Expelled from private school, genial misfit Charlie (Yelchin) is placed in the public system. His background sets him apart until he finds a bond with the other kids - including the disillusioned headmasters (Downey Jr.) daughter - in dysfunction. Soon,
Charlie Bartlett can’t have been an easy pitch. Like the character, the movie has its work cut out: how to make a (very) rich kid sympathetic and likeable? It’s a challenge first-time filmmaker Jon Poll has struggled hard to overcome, but, at some stage, he either gave up or had the rug pulled from under him.
Initial inroads into Charlie’s plight are good. Despite his life of privilege, the boy doesn’t have the things he really wants - the things every teenager wants - security and popularity. He (quite literally) dreams of standing before crowds of adoring peers, and operates crafty, yet daft, schemes to win their approval - schemes which have resulted in his systematic expulsion from every private school in the area.
After we’re introduced to his eccentric mother - Hope Davis in a role that could have gone spectacularly wrong, but becomes a marvel of subtle comedy in her capable hands – Charlie heads for state school, blazered and clutching an attaché case: obviously gearing up to have the shit kicked out of him. So far, so predictable. It's when Charlie uses his resourcefulness to deftly take control of his situation that things swiftly pick up.
Charlie Bartlett is at its most interesting when it nudges the boundaries of good behaviour; measuring Charlie’s desire for acceptance against the dangers of, say, selling prescription drugs to his classmates. Of course, your enjoyment of these scenes may well depend on your politics, but there’s no denying that watching a toff have an adverse reaction to a dose of Ritalin is highly amusing.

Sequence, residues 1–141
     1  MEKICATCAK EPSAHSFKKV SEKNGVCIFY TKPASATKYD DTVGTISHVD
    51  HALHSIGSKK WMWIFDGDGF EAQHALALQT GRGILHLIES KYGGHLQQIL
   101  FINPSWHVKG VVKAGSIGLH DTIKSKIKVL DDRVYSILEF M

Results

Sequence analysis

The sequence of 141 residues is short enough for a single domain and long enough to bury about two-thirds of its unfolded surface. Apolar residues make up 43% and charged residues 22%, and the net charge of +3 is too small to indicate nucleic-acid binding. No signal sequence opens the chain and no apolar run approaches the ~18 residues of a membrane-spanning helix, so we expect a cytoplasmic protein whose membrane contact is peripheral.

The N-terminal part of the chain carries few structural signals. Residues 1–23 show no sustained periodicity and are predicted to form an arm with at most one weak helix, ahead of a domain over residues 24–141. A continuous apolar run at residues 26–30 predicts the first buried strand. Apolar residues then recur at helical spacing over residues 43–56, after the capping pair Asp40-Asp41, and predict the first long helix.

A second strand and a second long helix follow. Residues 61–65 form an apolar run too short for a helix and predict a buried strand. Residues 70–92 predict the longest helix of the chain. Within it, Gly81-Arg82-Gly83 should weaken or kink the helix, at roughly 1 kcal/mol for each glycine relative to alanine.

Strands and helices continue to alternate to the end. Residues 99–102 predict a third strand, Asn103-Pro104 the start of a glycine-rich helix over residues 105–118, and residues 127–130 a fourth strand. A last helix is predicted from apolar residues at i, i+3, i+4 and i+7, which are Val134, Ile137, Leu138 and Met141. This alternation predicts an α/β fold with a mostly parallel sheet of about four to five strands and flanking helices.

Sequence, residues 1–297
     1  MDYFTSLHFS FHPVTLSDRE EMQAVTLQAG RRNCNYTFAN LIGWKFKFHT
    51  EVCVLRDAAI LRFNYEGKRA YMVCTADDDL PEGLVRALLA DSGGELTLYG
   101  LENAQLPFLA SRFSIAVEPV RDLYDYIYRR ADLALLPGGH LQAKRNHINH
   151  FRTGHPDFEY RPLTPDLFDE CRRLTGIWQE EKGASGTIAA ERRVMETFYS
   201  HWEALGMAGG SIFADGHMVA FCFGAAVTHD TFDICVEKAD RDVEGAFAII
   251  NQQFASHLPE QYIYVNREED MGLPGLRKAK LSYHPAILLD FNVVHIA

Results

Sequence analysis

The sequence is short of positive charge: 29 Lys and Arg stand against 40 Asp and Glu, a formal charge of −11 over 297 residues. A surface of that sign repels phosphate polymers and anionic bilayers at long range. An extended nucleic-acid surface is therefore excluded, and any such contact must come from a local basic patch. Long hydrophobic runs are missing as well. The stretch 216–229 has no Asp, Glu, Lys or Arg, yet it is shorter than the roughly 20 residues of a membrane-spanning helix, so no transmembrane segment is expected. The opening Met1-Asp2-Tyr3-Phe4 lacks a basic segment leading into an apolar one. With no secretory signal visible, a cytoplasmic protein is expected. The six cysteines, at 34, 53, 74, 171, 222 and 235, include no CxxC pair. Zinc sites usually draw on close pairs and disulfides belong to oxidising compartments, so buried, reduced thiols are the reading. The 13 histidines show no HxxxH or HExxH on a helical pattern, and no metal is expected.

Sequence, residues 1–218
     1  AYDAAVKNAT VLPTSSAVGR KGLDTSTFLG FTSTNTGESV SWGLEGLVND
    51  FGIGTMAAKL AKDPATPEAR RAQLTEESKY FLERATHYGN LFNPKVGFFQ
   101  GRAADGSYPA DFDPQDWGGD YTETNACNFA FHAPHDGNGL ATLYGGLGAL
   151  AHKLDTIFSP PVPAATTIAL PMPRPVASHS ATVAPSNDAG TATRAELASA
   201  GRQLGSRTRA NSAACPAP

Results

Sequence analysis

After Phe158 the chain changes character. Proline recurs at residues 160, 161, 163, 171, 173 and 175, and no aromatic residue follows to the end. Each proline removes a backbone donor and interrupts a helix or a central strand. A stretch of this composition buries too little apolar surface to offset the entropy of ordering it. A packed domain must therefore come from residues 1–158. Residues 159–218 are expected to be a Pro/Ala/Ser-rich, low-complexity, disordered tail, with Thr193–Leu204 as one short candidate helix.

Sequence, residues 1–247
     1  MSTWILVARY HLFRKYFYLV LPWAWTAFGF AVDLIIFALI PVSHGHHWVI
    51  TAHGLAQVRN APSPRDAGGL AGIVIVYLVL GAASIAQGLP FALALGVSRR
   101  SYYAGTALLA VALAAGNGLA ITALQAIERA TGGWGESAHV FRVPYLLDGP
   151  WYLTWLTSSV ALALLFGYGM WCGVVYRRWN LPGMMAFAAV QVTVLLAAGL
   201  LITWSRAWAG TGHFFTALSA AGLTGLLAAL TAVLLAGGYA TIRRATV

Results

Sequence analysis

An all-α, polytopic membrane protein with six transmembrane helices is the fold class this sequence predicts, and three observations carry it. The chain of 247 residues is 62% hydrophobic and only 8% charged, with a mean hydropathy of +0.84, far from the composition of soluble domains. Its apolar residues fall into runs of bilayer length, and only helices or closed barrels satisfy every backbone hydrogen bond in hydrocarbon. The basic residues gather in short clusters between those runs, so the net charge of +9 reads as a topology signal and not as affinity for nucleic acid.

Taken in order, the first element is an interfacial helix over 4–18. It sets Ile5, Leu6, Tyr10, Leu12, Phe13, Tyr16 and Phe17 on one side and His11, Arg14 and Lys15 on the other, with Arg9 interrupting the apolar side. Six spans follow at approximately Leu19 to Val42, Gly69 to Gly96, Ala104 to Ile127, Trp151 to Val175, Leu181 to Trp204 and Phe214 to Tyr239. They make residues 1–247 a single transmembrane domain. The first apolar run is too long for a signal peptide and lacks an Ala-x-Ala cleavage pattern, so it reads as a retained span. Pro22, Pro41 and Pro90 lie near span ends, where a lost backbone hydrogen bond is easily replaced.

It’s unfortunate that Poll doesn’t push his characters further into such promising territory. The good work unravels when conflicts begin to be resolved by contrived, convenient screenwriting; while the always reliable Robert Downey Jr. is criminally wasted, waiting for a big scene that never arrives. A horrible sense of ’happy ending syndrome’ kicks in, and with it any hopes of Poll matching the likes of Wes Anderson quickly evaporate. It means that a good film falls short - considerably, in the end - of greatness. There are plenty of good qualities in Charlie; it just needed to apply itself a little more.
After a strong start, the story ceases to challenge itself and its characters, offering easy options and a Prozac-soft finish.